|Honda Civic 1.0 VTEC Turbo 129 SR|
|The story: Honda is looking to attract a younger customer with the new Civic, and claims to have prioritised driving dynamics, practicality and safety kit|
|Key rival:||Volkswagen Golf|
|On sale:||March 2016|
Honda is hoping fleets are gradually making their way back to petrol power with its new Civic. Indeed for this year it’ll need them to if it wants to make any impact with the latest version of its hatchback, as there won’t be a diesel alternative until at least the end of 2017.
The good news then is that the Japanese brand has been working hard on new petrol engines, and has two turbocharged downsized units at launch. The more fleet-relevant s a 129hp 1.0-litre that comes with CO2 figures as low as 106g/km, while there is also a performance-orientated 182hp 1.5-litre, though that doesn’t get below 133g/km so will never be the mainstream fleet choice. It’s also worth noting that the higher trim levels are hit by higher Co2 emissions thanks to larger alloys, meaning a manual car with 17-inch wheels is at 117g/km, which can’t match the likes of Peugeot or Ford, but is slightly ahead of most other rivals.
Honda is trying to reinvent the Civic as a car that’s fun to drive, as well as practical and styling, in an attempt to encourage a younger customer base than has traditionally considered the brand. And largely the new Civic has fulfilled that brief quite successfully.
From the driver’s seat it is refined and comfortable, yet fun to drive when the situation allows, and Honda has managed more successfully than most to straddle the line between comfortable and sporty. The six-speed manual gearbox is a better bet than the £1400 optional CVT auto that turns the engine into something or a racket under accelerations. It is though a couple of g/km more efficient than the manual.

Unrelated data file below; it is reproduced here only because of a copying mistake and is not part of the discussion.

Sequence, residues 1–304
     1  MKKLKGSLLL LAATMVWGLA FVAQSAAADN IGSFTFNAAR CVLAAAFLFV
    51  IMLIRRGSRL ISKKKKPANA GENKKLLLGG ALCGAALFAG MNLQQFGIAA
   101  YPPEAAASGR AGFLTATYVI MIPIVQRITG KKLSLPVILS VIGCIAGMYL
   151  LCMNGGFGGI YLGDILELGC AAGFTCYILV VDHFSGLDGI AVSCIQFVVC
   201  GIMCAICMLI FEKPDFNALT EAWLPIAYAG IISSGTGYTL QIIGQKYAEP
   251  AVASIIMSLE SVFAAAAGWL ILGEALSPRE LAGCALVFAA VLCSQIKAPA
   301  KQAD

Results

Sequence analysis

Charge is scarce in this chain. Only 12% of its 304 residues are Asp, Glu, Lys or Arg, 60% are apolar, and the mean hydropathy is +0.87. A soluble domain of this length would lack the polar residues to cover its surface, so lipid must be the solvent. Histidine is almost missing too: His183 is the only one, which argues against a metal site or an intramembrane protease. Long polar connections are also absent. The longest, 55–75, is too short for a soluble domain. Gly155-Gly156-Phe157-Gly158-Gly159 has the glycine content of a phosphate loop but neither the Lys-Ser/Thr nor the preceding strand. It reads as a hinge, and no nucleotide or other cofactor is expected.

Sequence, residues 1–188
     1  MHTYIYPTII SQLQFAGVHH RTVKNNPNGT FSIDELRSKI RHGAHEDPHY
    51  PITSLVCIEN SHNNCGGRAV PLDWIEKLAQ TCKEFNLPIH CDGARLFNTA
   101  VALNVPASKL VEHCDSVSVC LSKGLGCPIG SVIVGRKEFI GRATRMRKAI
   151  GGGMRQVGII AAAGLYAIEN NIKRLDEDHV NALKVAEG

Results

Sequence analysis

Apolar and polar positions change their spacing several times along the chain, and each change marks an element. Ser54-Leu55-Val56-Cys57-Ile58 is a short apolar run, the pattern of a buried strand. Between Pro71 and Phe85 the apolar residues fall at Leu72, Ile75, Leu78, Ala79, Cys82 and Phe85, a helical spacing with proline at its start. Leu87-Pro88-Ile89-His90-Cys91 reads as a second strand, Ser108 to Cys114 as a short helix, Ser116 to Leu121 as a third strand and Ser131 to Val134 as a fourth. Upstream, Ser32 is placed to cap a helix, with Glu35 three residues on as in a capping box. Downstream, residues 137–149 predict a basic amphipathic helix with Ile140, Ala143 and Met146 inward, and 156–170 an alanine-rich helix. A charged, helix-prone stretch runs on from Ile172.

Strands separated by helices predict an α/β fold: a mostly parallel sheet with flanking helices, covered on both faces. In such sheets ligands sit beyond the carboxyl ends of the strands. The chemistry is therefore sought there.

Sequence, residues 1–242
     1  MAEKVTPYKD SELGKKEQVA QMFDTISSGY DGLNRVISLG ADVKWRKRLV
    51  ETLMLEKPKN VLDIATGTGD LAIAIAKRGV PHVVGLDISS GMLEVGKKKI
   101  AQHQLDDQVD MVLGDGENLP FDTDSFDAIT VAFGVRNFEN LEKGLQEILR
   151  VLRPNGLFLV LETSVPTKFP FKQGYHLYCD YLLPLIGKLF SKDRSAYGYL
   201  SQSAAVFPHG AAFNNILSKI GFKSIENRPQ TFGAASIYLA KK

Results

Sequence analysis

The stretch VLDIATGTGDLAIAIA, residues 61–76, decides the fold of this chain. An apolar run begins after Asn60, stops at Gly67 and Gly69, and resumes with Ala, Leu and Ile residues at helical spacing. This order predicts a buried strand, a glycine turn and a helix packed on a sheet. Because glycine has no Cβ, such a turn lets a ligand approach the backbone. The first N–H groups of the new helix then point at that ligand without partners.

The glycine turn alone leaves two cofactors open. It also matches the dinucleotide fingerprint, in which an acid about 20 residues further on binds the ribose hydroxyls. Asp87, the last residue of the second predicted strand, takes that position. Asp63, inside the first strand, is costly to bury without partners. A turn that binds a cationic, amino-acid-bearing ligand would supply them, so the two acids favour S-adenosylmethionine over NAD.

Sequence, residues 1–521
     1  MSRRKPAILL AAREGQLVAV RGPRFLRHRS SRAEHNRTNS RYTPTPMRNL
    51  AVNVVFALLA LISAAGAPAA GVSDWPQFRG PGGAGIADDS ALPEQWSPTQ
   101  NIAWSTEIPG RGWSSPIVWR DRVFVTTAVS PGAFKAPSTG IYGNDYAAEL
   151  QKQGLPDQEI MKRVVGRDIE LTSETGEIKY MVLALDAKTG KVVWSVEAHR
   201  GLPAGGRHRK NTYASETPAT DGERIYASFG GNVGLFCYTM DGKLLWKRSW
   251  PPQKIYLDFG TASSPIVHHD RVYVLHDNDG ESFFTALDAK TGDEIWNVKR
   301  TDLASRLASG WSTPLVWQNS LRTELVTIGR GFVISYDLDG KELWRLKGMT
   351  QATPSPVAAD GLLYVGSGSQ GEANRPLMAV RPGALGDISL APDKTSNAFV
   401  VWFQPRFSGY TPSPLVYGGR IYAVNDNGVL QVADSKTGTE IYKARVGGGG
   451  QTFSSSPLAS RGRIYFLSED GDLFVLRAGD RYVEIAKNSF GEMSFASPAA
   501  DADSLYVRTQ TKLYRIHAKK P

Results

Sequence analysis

Rear legroom is excellent for the class, though headroom is restricted by the sweeping roofline, and the mammoth boot is bested in class only by the Skoda Octavia’s frankly ridiculous load space. That at least partially mitigates the fact that there won’t be a Civic estate this time around, with Honda pointing to the fact that 92.5% of C-sector cars are five-door hatchbacks. The new Civic also loses Honda’s magic seat system that allows the seat base to be folded up to create handy space for the likes of larger boxes or bikes in the rear seats. The company reckons it wasn’t a feature particularly appreciated or used by customers.
Up front, the cabin is classy if understated, kind of how you’d expect a Honda cabin to be. Everything is logically placed and works how it should, including the Honda Connect 2 system that comes on the higher trim levels.
Though the lack of a diesel will be off-putting for company car users, Honda’s standard safety equipment list is something that well and truly ticks the duty of care box. The Honda Sensing suite of kit, fitted to every trim level, includes collision mitigation, forward collision warning, lane departure warning, road departure mitigation, lane keeping assist, adaptive cruise control and traffic sign recognition. The firm is also expecting a five-start Euro NCAP crash test score when the car is assessed.
The Civic’s whole life cost case is pretty strong thanks to residuals that outpoint all major rivals, and are several percentage points above the previous car. The Honda’s 35.0% predicted residual from KwikCarcost puts it in front of even the VW Golf, though that is a car about to be replaced.
It’s a shame Honda’s diesel Civic is so far away, because it will undoubtedly hamper the progress of a really quite good car. Honda accept this, hence the 83% retail sales prediction, but the new car is good to drive, has good interior space, a huge boot, excellent levels of standard safety kit and looks classier than its predecessor inside and out. It’s a pretty damn fine effort at moving Honda back towards the front of the incredibly competitive C-sector.